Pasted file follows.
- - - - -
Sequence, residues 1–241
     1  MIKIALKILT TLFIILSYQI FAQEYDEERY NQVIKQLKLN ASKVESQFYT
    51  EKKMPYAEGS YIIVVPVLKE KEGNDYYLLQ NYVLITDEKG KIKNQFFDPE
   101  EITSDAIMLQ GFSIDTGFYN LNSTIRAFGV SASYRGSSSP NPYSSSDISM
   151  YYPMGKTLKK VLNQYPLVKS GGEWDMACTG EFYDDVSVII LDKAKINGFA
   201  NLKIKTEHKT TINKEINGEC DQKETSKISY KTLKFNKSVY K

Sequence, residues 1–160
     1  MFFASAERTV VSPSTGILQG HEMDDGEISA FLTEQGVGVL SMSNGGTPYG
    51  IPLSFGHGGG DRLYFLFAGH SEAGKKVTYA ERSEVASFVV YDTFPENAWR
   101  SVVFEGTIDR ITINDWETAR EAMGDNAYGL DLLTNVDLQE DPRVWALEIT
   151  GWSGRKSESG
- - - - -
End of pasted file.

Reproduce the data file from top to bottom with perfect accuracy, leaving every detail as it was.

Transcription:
Sequence, residues 1–241
     1  MIKIALKILT TLFIILSYQI FAQEYDEERY NQVIKQLKLN ASKVESQFYT
    51  EKKMPYAEGS YIIVVPVLKE KEGNDYYLLQ NYVLITDEKG KIKNQFFDPE
   101  EITSDAIMLQ GFSIDTGFYN LNSTIRAFGV SASYRGSSSP NPYSSSDISM
   151  YYPMGKTLKK VLNQYPLVKS GGEWDMACTG EFYDDVSVII LDKAKINGFA
   201  NLKIKTEHKT TINKEINGEC DQKETSKISY KTLKFNKSVY K

Sequence, residues 1–160
     1  MFFASAERTV VSPSTGILQG HEMDDGEISA FLTEQGVGVL SMSNGGTPYG
    51  IPLSFGHGGG DRLYFLFAGH SEAGKKVTYA ERSEVASFVV YDTFPENAWR
   101  SVVFEGTIDR ITINDWETAR EAMGDNAYGL DLLTNVDLQE DPRVWALEIT
   151  GWSGRKSESG